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Stabile Basics

Stabile is an open-source platform for managing infastructure running virtualized workloads and services. Stabile supports management through a web client, declarative configuration and automation through the API or the CLI.

The name Stabile was inspired by the use of the word in Ursula K. Le Guin’s writings, which are set in a fictional universe.

A bit of history

In the IT operations business we are currently somewhere along a containerization hype cycle. Those who have been long enough in the business, remember previous hype cycles. The virtualization hype cycle definitely reached the plateau of productivity with VMware as the uncontested winner. Later OpenStack and the open source community tried to challenge this – initially with plenty of momentum, but OpenStack now seems to be permanently stuck in the through of disillusionment. Meanwhile IaaS and the “cloud” have had a party of their own with AWS et el., which to some extent makes the quest to unseat VMware from the server room throne all but obsolete. Currently container orchestration is the new hot kid on the block, and while containers are a great way to share hardware ressources, they do not make orchestration of VM’s, and more generally orchestration of hardware ressources, obsolete. Everything ultimately runs on hardware, and while it’s great that Docker and Kubernetes are open source, they provide little help in managing your basic compute, storage and network infrastructure. So – the net effect of this new paradigm is to move things even faster out of the server rooms, and onto infrastructure orchestrated by Amazon, Google and Microsoft, which may be great or not so great, depending on your viewpoint. Open it is not.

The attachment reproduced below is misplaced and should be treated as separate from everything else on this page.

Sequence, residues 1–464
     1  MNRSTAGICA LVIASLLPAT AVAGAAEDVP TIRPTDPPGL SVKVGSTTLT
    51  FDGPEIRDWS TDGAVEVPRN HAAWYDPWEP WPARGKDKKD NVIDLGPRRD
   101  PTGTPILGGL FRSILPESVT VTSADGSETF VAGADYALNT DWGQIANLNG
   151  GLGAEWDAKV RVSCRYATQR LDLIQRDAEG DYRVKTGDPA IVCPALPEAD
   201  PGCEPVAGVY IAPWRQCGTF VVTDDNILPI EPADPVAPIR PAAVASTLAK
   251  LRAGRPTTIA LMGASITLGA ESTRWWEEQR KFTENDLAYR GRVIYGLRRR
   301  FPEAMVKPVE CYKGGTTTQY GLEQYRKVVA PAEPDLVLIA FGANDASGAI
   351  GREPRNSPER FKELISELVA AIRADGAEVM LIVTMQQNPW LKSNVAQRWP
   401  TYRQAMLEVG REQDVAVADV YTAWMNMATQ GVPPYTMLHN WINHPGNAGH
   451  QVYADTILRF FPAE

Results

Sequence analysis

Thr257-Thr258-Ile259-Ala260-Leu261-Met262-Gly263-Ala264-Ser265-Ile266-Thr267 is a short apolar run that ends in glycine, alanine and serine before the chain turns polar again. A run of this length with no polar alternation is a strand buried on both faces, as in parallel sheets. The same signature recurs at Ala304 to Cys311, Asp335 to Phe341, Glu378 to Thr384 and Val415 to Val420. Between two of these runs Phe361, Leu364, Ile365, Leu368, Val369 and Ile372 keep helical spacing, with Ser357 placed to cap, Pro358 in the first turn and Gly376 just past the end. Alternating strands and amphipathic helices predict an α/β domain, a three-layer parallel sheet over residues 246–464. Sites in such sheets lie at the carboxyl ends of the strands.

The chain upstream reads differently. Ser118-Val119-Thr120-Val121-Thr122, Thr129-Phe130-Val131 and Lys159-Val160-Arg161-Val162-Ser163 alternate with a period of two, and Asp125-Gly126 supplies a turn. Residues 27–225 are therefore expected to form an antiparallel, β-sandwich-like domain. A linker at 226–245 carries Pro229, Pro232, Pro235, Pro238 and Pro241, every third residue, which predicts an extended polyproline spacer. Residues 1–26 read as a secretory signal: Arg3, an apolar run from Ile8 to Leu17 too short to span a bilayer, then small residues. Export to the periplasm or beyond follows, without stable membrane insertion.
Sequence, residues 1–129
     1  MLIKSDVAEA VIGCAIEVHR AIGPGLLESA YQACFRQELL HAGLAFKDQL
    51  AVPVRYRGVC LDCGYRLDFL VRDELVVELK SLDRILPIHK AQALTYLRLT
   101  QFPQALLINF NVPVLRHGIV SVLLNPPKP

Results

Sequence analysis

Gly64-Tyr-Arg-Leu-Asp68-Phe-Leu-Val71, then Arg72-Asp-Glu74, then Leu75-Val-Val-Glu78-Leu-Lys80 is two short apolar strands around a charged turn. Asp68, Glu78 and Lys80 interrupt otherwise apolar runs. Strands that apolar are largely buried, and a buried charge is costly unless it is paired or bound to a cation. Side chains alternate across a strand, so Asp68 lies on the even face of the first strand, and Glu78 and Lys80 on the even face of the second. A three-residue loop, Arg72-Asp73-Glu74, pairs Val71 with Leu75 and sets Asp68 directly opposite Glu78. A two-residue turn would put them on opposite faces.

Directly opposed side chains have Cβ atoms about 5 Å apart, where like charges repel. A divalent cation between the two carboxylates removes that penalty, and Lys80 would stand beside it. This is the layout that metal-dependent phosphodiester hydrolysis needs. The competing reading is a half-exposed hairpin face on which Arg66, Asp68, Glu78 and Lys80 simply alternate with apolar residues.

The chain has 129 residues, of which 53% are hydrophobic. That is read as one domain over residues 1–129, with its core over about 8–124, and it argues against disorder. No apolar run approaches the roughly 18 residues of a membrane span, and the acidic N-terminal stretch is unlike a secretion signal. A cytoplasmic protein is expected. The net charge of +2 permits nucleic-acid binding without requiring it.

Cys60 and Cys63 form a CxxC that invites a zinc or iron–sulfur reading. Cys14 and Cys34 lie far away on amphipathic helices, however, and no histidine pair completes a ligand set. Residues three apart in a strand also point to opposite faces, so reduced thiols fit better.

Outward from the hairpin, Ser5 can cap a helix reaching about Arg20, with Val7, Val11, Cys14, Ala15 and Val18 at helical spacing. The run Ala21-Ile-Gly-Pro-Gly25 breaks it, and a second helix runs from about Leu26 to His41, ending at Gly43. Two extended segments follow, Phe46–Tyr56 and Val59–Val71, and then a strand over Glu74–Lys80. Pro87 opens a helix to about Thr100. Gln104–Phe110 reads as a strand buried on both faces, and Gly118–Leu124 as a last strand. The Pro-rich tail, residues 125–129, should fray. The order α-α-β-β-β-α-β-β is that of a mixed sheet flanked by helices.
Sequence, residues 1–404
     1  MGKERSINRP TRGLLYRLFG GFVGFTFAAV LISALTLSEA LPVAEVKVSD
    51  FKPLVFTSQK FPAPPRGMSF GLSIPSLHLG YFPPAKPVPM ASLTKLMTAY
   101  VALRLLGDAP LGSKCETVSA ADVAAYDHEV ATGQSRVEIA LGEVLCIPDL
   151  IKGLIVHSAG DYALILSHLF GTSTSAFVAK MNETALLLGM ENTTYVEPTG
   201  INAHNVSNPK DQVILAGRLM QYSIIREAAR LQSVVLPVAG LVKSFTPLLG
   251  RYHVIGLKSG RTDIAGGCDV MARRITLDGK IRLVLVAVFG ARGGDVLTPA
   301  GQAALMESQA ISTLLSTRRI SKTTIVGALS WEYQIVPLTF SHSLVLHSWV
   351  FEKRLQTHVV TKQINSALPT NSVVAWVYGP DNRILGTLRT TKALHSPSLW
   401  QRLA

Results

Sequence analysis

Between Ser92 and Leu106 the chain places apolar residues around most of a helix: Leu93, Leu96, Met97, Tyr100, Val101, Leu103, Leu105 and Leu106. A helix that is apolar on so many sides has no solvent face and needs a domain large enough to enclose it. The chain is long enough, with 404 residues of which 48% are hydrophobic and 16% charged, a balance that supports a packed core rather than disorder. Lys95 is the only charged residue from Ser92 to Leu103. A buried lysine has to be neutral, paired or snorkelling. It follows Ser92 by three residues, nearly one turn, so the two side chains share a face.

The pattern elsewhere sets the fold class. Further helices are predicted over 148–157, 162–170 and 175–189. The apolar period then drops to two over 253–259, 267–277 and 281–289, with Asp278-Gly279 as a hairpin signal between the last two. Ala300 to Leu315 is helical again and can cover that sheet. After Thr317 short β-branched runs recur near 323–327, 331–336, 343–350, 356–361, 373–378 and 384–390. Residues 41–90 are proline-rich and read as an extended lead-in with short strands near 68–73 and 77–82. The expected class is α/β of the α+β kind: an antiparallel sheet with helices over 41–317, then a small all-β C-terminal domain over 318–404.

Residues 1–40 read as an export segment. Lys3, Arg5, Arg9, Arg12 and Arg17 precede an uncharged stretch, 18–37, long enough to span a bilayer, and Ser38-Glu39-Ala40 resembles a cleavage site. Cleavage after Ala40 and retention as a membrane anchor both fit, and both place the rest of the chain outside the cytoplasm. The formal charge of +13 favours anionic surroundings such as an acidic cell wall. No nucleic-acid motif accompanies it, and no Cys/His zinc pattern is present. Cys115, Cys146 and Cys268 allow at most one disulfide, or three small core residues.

Stabile is all about open infrastructure

If you have no desire to tinker with hardware, and mainly want to write your code, containerize your application and deploy it to some pre-configured Kubernetes environment, you should probably just look to some of the great cloud offerings out there.

Stabile tries to fill a gap in the market we feel there is for those who, for whatever reason, prefer to manage their own basic infrastructure, but don’t have the urge or the economy to employ a department of sysadmins and license managers to do so.

What Stabile is and can do

Stabile provides you with:

  • A managed and scalable environment for deploying and running VM’s from virtual images using KVM.
  • A model for assembling collections of pre-configured virtual images, compute, storage and networking ressources into declarative configurations packages which together describe how an application is deployed. We call these packages “Stacks”.
  • A set of pre-built stacks for quickly running and easily managing standard Linux servers, including a Kubernetes stack, which will set up an auto-scalable Kubernetes environment in seconds.
  • A PXE-boot environment for easy joining of hardware nodes
  • Automated management of storage ressources using ZFS
  • Automated management of network routing and network access to your VM’s using iptables, dnsmasq, proxyarp, Linux bridging, etc.
  • Automated backup using ZFS storage snapshots
  • Basic monitoring and reporting
  • Simple metering suited for billing purposes

What Stabile is not and cannot do

  • Stabile is not a container orchestration platform. We may provide the ability to run containers directly on Stabile hardware nodes sometime in the not-too-distant future, but for now, Kubernetes and containers run inside VM’s on Stabile.
  • Staile is currently in beta, and is not ready for running production or Internet-facing workloads. Stabile should only be used for internal workloads for now, more specifically for test and development environments.

Stabile Components

If you have read this far, we suggest you strap in, and go ahead with reading about the main components of Stabile.

The Stabile Web Client and the Stabile API are organized around the ressources that Stabile tries to manage and orchestrate. They are:

  • Engines and Nodes: The hardware that a Stabile installation runs on
  • Stacks: Packaged applications that run on a Stabile infrastructure
  • Servers: The VM’s that run on Stabile nodes
  • Images: The virtual images the VM’s boot from and use for storage
  • Network: Your VM’s connections to each other and the outside world
  • Users: User accounts and their privileges